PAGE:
Shoulders are the work horses of the body. Some of the shoulder disorders that can occur include:
- Athletic injuries
- Overuse syndromes
- Post-traumatic lesions
- Degenerative lesions
Treatments vary by the type of injury and the condition of the patient.
Glenoid Labrum Tear
The glenoid, or socket joint of the shoulder, is surrounded by a fibrocartilaginous supporting structure called the labrum. Injuries to the tissue surrounding the shoulder socket can be caused by acute trauma or repetitive shoulder motions. Examples include falling on an outstretched arm, a direct blow to the shoulder, sudden pull or a violent overhead reach, such as occurs when trying to stop a fall or slide. Throwing athletes and weight lifters can experience tears due to repetitive shoulder motion.
Tears can be located either above (superior) or below (inferior) the middle of the glenoid socket. A SLAP lesion (superior labrum, anterior [front] to posterior [back]) is a tear of the rim above the middle of the socket that may also involve the biceps tendon.
Signs and symptoms of glenoid labrum tears include:
- Pain, usually with overhead activities
- Catching, locking, popping or grinding
- Occasional night pain or pain with daily activities
- A sense of instability in the shoulder
- Decreased range of motion
- Loss of strength
- Cold therapy to reduce pain and inflammation
- NSAID’s (non steroidal anti inflammatory drugs such as ibuprofen)
- Rehabilitation program
- Surgery to re-attach the labrum to the glenoid
Following surgery the shoulder will usually be kept in a sling for 3 or 4 weeks. More sports specific training can be done after 6 weeks, although full fitness may take 3 or 4 months.
Rotator Cuff Tear
Although there are many reasons for shoulder pain, a common problem for people over 40 years of age is a rotator cuff tear.
The rotator cuff is comprised of the muscles and tendons that surround the top of the upper arm bone – the humerus — and hold it in the shoulder joint. A sudden tear may result from a single traumatic event or develop gradually because of repetitive overhead activities. A partial tear may cause pain when the arm is lifted in a certain arc away from the body (painful arc syndrome) and a complete tear may limit the aility to raise the arm.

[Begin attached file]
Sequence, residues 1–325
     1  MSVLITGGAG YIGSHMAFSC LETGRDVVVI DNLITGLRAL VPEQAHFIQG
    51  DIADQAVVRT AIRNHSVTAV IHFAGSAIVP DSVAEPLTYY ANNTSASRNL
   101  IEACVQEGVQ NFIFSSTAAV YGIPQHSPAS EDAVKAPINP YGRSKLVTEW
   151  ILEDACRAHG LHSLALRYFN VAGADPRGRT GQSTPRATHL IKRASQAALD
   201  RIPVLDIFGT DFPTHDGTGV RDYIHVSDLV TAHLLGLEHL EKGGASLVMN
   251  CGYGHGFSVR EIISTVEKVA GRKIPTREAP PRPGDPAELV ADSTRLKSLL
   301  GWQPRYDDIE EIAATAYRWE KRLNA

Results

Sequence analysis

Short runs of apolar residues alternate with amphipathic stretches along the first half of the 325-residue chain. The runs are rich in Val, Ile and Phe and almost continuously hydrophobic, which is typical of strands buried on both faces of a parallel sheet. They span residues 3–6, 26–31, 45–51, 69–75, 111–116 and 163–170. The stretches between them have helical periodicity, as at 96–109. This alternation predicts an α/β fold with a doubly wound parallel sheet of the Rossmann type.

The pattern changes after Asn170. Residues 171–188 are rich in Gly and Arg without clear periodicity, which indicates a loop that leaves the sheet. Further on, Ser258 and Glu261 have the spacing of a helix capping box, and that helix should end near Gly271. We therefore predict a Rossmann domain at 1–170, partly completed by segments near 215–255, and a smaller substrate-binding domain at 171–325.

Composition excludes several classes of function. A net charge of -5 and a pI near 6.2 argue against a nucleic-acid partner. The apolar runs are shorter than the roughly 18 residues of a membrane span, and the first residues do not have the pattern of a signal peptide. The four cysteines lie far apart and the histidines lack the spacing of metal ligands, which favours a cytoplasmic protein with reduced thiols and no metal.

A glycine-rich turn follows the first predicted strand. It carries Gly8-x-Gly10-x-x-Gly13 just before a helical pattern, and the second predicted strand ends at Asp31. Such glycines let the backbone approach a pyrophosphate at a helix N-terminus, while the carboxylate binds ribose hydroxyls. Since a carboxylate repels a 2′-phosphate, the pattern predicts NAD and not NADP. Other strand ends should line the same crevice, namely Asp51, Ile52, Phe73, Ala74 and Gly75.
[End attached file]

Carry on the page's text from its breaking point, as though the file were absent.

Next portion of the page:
Signs and symptoms of rotator cuff tears are:
- Recurrent, constant pain, particularly with overhead activities.
- Pain at night that prevents you from sleeping on the affected side.
- Muscle weakness, especially when attempting to lift the arm.
- Catching and grating or cracking sounds when the arm is moved.
- Limited motion.
- Usually occurs in the dominant arm, which is the right shoulder for right-handed people; left shoulder for left-handed people.
- May be triggered by a specific incident.
Most rotator cuff tears can be treated without surgery. Non-operative rotator cuff treatments may include:
- Physical therapy
- Anti-inflammatory pain medications
- Cortisone injections
The goal of treatment is to reduce inflammation and strengthen the uninjured muscles around the shoulder to compensate for the torn muscles.
In the minority of patients where non-surgical treaments are not effective, surgery may be recommended. Surgery is performed to repair the torn tendons.
Shoulder blade fractures represent 1 percent of all broken bones. High energy blunt trauma, such as a motorcycle or car crash or falling from a significant height can fracture the shoulder blade.
Signs and symptoms for shoulder fractures include:
- Extreme pain when you move the arm
- Swelling around the back of the shoulder
- Skin abrasions
- Redness and bruising around the area
- Bones may appear out of position
Both diagnosis and severity of a shoulder fracture can be confirmed by X-rays.
Nonsurgical treatment with a simple sling works for most fractures of the scapula or shoulder blade. The immobilization device holds your shoulder in place while the bone heals.
If you have a fracture where the bone has moved out of place significantly, or where a fracture in the neck of the scapula results in severe deformity of the bone, you may need further evaluation. In some cases, you may need surgery in which the doctor uses plates and screws to hold the bone together.